Thank you, Chair Sanchez and members of the committee, for the opportunity to testify today on the state of our housing stock, particularly vacant and neglected properties.
REBNY appreciates the Council’s efforts to collect data on residential vacancies to further assess the needs of our housing stock. REBNY is supportive of the Council’s aims of making informed policy decisions based on quality data. Improvements to the City’s vacancy data availability will allow for robust, transparent discussion on our rental housing. However, REBNY encourages the Council to the greatest extent possible to use data already being collected by City agencies or from existing sources like the NYC Housing and Vacancy Survey prior to adopting new reporting requirements that may prove to be duplicative and burdensome. REBNY looks forward to working with the Council on these important issues.
BILL: Intro 195A-2022
TOPIC: The bill would require HPD to contact owners of multiple dwellings for which HPD has received complaints about potential hazardous or immediately hazardous conditions in vacant dwelling units. The owner would be required to schedule an HPD inspection of such dwelling unit within 21 days for the existence of any conditions constituting a violation of the New York State Multiple Dwelling Law, the New York City Housing Maintenance Code, or other applicable State or local laws. Failure to schedule the vacant unit inspection would constitute a non-hazardous violation.
SPONSORS: Councilmembers Rivera, Brewer, Caban, Nurse, Hanif, Farias, Aviles, Brooks-Powers, Ayala, Krishnan, Won, Richardson Jordan, Restler, Osse, Gutierrez, Hudson, Abreu, Bottcher, Williams, Louis, Schulman, Sanchez, Dinowitz, Joseph, De La Rosa, Feliz, Riley, Stevens, Barron, Powers, Narcisse, Marte and Speaker Adams.
REBNY understands and agrees with the need to address conditions detrimental to a tenant’s health and well-being. However, the way this legislation is currently drafted, it places emphasis on rooting out conditions that may exist in any unit that is unoccupied and may already be under repair. The timelines mandated in this bill will have the practical impact of shifting HPD enforcement resources from occupied units where there is a clear nexus to have inspections occur timely. This would occur despite a woefully inadequate capacity to respond to complaints in occupied units and would divert resources to allow these new inspections to occur.
Placing the onus on the owner for a resource starved agency’s inability to meet the inspection deadlines outlined here is not appropriate. REBNY hopes that the Council will revise this legislation to focus agency resources better.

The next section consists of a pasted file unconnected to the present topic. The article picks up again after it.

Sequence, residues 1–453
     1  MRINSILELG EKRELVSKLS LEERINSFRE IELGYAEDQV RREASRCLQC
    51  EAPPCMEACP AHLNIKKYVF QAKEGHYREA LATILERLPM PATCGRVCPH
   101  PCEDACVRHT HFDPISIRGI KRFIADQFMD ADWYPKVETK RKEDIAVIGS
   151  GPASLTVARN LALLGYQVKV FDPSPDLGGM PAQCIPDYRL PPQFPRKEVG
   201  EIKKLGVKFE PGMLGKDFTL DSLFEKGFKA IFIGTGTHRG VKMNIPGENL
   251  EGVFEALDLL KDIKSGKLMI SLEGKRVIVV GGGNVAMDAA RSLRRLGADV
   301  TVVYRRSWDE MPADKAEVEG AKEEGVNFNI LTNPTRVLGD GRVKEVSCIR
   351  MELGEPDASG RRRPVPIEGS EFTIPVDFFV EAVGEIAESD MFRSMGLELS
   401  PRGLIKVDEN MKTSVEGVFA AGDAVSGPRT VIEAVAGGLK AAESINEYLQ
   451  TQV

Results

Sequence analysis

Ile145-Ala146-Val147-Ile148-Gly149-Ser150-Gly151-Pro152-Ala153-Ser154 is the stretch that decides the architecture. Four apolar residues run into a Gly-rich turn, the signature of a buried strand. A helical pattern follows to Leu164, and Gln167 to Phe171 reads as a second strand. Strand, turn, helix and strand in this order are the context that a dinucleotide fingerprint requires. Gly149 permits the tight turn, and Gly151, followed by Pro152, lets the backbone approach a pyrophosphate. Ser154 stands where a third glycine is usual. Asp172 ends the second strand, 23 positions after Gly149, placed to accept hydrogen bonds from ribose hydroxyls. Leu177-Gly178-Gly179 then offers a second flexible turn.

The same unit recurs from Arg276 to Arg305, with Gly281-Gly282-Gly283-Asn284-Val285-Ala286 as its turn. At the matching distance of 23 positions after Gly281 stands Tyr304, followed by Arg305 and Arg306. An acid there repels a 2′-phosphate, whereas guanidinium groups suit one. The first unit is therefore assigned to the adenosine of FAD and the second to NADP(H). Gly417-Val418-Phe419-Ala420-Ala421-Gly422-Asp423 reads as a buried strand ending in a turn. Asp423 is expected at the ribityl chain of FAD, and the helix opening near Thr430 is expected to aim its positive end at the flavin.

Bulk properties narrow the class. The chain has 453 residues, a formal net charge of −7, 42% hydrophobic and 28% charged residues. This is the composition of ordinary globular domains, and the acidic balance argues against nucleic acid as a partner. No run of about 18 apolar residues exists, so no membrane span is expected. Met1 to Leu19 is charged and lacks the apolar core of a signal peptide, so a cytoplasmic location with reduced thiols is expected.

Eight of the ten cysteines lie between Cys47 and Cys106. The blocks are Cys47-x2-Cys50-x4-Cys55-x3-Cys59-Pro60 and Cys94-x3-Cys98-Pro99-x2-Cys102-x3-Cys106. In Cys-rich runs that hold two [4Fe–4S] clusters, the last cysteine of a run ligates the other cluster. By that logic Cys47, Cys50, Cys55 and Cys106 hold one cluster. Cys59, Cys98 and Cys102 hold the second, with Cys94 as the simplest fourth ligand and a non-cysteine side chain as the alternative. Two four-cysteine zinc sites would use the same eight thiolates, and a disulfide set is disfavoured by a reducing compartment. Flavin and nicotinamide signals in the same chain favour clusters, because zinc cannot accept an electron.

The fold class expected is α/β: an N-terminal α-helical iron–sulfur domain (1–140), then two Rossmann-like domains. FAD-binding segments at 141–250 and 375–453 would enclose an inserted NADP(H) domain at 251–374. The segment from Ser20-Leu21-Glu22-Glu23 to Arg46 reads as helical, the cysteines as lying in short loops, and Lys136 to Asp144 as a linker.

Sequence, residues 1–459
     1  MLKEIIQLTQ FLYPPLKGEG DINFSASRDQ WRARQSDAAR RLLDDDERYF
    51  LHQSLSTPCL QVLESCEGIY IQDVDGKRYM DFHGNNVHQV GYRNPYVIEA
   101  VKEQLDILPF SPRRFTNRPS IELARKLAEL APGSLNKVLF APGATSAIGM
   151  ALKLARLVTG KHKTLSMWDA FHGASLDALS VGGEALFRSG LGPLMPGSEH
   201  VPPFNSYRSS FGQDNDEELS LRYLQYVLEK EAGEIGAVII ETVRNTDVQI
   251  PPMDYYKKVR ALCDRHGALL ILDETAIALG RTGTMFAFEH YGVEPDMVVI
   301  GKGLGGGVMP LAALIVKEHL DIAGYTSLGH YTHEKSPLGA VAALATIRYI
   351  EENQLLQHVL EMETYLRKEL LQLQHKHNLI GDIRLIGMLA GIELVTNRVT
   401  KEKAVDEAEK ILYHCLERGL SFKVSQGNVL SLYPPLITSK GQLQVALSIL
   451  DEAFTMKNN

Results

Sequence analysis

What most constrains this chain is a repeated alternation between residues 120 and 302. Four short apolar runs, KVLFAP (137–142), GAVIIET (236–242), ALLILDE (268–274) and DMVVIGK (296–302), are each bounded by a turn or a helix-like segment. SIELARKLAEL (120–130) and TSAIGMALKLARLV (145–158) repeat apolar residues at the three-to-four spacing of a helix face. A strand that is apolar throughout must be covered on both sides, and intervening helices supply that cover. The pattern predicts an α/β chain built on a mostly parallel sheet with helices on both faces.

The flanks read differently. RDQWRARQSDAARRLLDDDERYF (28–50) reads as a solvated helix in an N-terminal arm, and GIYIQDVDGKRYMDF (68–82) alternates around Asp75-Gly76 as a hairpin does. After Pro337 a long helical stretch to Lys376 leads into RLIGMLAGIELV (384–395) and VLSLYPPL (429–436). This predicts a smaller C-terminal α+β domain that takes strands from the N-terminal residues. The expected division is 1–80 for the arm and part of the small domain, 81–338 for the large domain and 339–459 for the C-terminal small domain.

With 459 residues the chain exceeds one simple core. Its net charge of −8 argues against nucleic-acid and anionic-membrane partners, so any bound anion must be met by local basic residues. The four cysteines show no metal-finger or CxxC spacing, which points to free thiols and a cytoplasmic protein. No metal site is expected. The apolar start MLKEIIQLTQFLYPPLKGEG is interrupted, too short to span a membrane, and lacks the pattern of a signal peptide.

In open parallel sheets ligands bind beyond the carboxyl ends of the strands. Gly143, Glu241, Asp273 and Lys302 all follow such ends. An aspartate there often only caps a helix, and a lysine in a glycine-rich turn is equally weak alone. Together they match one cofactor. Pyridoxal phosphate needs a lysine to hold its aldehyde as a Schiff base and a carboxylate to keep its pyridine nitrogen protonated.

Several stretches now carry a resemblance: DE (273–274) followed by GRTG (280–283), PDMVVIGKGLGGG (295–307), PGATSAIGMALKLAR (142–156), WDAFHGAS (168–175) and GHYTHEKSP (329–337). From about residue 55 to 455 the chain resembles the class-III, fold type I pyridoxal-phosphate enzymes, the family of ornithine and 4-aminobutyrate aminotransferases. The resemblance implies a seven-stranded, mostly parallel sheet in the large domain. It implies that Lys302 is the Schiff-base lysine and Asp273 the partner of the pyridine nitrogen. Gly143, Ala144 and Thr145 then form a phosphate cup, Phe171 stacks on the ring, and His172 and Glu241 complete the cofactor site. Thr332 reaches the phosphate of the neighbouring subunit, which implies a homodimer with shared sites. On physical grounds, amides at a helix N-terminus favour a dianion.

BILL: Intro 352-2022
TOPIC: This bill would require the owner of any real property in the city to register the property as vacant upon it being vacant one year. Registrations would need to be renewed annually and failure to comply would result in a fine between $100 - $500 per week.
SPONSORS: Councilmembers Restler, Hanks, Moya, Farias, Louis, Joseph, Ayala, De La Rosa, Marte, Abreu, Richardson Jordan, Sanchez, Williams, Riley, and Nurse
Like Intro 195A, REBNY appreciates the Council’s intention to identify and encourage opportunities to better understand the universe of vacant units. While this legislation would help do this, REBNY believes that further clarity is needed.
For example, it is important to identify opportunities to establish a comprehensive list of where vacancies are occurring and why those vacancies have occurred. This legislation does not address these matters. In addition, it does not consider what is a significant underlying issue of why a unit is not online – the fact that it is not financially viable to renovate units given the plethora of rent restrictions that make it difficult to recover the costs for renovations.
Finally, this legislation fails to consider other reporting requirements that already exist. For example, for units that have LIHTC (Low Income Housing Tax Credit) funding through HPD, HCR, or HDC, the agency already requires owners to demonstrate attempts to rent all vacant units. It would be good for the Council to use existing sources of data more effectively.
Most importantly, REBNY believes that what constitutes a vacancy must be defined. For example, would new construction waiting for a Certificate of Occupancy, or currently awaiting leasing via Housing Connect be required to register? Would a cooperative or condominium unit currently on the market? It would be important to define the universe of units needing to comply. REBNY looks forward to working with the sponsor to obtain the clarity needed for this legislation to be effective.
Thank you for your consideration of these points.